December 16, 2005
An investigation by Florida Fish and Wildlife Conservation Commission (FWC)
officers has confirmed an Immokalee homeowner’s report that a
Florida panther killed his pet
Chihuahua. The attack occurred around 8 p.m., Dec. 12.
The homeowner said he shined a light out of his window after hearing the
dog yelping. He said a few minutes later the panther retreated to the woods
with the small dog. The homeowner reported the incident to the FWC, which
dispatched law enforcement officers to investigate.
When officers arrived, the panther and dog were gone, but there was blood
on the ground. An officer and a biologist returned to the scene the
following morning and found the fresh tracks of a male Florida panther.
Before the attack, the Chihuahua and another pet dog were tethered by a
cable in the side yard of the residence near adjacent woods. There was no
fence between the dogs and the forest area. The property is surrounded by
many acres of wildlife habitat, connected to areas often used by panthers.
This is the second report of a Florida panther attacking a domestic dog in
20 years. The last one was in the late 1980s, however, the dog involved in
that attack was not seriously injured. In 2004, a Florida panther killed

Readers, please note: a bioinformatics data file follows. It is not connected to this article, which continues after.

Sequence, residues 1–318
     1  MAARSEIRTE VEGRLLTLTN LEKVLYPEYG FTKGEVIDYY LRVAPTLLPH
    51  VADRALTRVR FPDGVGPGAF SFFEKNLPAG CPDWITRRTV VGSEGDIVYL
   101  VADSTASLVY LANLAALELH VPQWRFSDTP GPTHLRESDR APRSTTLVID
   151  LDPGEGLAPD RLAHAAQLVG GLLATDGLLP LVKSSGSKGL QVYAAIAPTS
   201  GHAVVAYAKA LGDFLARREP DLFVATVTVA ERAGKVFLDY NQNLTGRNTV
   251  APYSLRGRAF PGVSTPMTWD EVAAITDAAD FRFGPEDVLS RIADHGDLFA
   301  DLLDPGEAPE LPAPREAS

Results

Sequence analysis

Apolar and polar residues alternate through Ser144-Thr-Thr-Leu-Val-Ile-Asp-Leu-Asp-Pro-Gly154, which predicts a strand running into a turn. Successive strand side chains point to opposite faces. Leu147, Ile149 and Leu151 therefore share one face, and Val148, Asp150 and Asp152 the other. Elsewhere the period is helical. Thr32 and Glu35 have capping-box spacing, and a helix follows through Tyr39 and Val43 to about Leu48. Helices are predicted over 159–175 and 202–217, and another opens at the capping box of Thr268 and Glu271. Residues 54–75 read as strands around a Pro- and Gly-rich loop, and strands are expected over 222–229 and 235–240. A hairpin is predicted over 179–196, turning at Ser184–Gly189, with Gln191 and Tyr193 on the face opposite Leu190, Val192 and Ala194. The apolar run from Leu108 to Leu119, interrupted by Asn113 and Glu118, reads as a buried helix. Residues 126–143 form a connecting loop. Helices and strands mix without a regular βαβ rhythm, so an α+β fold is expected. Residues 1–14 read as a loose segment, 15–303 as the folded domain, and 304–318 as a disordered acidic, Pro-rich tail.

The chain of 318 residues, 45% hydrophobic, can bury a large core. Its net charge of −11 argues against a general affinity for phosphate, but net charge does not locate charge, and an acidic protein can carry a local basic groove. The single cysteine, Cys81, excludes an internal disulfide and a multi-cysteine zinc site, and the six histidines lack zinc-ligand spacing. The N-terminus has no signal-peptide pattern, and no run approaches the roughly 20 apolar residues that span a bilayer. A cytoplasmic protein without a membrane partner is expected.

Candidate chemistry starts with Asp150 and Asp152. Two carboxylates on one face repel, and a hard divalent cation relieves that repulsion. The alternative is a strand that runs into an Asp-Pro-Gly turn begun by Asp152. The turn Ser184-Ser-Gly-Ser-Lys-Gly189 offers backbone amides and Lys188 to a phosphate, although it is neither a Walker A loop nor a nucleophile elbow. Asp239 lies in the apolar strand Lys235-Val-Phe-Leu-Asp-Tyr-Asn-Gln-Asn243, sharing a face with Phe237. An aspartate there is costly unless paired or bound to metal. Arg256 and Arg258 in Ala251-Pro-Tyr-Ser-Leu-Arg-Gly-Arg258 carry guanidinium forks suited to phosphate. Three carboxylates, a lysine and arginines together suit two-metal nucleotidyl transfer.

two domestic goats and an emu near Ochopee.
Interactions between Florida panthers and humans are rare. The cats hunt at
night and generally are afraid of people. There has never been a reported
injury or death of a human caused by a Florida panther.
FWC law enforcement officers are paying repeat visits to the site where the
dog attack occurred. The homeowner told officers he was particularly
concerned because the family runs a small daycare center out of the house
during the day. However, he said the family has taken measures to ensure
the safety of the children.
Panther experts advise parents living in Florida panther country to watch
children whenever they play outdoors, and make sure they are inside before
dusk and not outside before dawn. Parents should also talk with children
about Florida panthers and teach them what to do if they encounter one –
specifically, not to approach the cat, not to run and not to crouch down
(which would make children appear smaller).
The Florida panther has been recognized as an endangered species for nearly
40 years. Experts believe there are between 70 and 100 living in the wild.
Scientists use radio collars to monitor the movements and behavior of about
a third of the known Florida panther population.